Functional assessment -
Describe & give approach
(Behavior) attempt to determine contingencies maintaining problematic behavior - what function does the behavior serve? - ABC Model - Antecedent, Behavior, Consequence
Self-management -
Describe & give approach
(Behavior) personal application of behavior change tactics that produces a desired change
SMART goals -
Describe & give approach
Specific, Measurable, Agreed Upon, Realistic, Time-Based
"Dropping the rope" -
Describe & give approach
(ACT) metaphor of tug of war between you and your anxiety/distress - give up and drop the rope, stop attempting to control thoughts/emotions, free yourself up to use that energy toward something productive that may help to rid yourself of those
Immediacy -
Describe & give approach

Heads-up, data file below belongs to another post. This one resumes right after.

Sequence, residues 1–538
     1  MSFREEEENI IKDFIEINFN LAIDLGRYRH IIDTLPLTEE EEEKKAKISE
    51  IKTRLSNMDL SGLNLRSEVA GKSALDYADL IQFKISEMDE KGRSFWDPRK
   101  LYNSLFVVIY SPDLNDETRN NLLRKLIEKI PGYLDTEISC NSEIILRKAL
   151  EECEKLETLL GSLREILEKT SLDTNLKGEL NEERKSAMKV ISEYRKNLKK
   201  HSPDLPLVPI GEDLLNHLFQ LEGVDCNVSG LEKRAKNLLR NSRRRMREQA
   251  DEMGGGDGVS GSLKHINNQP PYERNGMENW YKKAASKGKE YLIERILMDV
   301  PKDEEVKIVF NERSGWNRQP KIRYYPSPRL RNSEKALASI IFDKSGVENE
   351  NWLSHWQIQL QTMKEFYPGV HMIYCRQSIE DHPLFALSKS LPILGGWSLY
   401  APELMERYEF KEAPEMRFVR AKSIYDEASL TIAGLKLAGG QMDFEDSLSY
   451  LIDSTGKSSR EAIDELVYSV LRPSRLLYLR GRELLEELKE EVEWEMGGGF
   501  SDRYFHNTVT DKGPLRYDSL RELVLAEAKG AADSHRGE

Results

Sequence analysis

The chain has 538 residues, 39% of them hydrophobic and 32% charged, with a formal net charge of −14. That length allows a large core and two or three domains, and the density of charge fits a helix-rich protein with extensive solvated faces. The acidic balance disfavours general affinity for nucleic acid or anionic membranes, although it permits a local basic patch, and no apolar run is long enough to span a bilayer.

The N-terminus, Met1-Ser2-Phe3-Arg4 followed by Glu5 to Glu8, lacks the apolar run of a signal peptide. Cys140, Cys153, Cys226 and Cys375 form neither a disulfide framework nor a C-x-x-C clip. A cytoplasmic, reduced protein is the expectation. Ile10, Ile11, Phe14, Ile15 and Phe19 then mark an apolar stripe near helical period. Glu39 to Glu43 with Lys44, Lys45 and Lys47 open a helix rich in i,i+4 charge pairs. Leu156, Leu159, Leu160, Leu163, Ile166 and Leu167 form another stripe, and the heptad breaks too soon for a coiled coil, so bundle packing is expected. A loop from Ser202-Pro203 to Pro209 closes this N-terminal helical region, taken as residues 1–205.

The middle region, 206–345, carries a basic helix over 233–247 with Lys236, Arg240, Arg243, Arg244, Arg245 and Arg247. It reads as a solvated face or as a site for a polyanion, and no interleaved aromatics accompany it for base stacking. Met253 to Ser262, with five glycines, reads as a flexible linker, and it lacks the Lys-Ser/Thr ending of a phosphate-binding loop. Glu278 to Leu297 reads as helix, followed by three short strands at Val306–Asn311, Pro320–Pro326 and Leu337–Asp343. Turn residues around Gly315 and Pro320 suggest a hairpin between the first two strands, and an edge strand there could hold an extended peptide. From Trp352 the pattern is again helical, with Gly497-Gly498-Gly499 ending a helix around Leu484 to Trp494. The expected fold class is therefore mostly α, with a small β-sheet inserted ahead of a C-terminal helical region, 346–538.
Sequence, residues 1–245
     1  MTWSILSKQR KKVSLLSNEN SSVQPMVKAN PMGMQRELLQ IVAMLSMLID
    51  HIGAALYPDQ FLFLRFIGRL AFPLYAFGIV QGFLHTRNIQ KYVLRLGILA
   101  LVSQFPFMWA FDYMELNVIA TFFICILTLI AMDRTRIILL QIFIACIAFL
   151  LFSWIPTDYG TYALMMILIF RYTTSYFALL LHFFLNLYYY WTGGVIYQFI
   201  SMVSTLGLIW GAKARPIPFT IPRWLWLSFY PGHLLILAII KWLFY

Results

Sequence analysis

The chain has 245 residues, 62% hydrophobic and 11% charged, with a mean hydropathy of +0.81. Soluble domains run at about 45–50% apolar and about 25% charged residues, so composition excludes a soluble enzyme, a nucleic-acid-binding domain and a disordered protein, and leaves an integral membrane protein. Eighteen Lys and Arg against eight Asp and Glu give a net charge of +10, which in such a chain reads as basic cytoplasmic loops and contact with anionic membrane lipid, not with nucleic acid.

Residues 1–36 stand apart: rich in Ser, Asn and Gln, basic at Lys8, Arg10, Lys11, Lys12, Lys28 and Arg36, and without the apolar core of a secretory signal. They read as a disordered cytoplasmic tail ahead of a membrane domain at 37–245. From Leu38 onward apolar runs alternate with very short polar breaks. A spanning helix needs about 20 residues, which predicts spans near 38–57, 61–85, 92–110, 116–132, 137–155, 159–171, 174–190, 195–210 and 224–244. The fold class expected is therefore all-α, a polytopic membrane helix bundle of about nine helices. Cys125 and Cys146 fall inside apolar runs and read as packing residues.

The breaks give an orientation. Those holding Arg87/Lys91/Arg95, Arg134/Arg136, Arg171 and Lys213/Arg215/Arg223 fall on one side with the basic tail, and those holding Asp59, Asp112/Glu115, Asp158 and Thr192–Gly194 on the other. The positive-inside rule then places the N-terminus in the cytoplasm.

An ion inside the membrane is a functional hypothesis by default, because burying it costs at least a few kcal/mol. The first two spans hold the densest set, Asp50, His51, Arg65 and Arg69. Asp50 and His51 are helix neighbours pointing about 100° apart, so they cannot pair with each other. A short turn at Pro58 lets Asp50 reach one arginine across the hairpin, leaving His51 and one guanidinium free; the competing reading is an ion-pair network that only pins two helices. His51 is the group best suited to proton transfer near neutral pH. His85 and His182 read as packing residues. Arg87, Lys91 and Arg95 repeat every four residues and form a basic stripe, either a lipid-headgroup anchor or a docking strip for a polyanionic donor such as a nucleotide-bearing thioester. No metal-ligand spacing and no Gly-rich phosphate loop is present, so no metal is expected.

(Person-Centered) response to something as it occurs within a session. 3 Types: Helper (reveals thoughts or feelings as they occur), Client (provides feedback about the client to them), Relationship (helper reveals feelings or thoughts about how they experience the relationship).
Self-disclosure -
Describe & give approach
(Person-Centered) intentional revelation of information about oneself, here and now relationship
"Rolling with Resistance" -
Describe & give approach
(Motivational Interviewing) avoid argument, show you've heard what's been said, encourage other person to come up with solutions or alternative behavior - used when client may not see need or have no desire for change - don't challenge them on it
Systematic desensitization -
Describe & give approach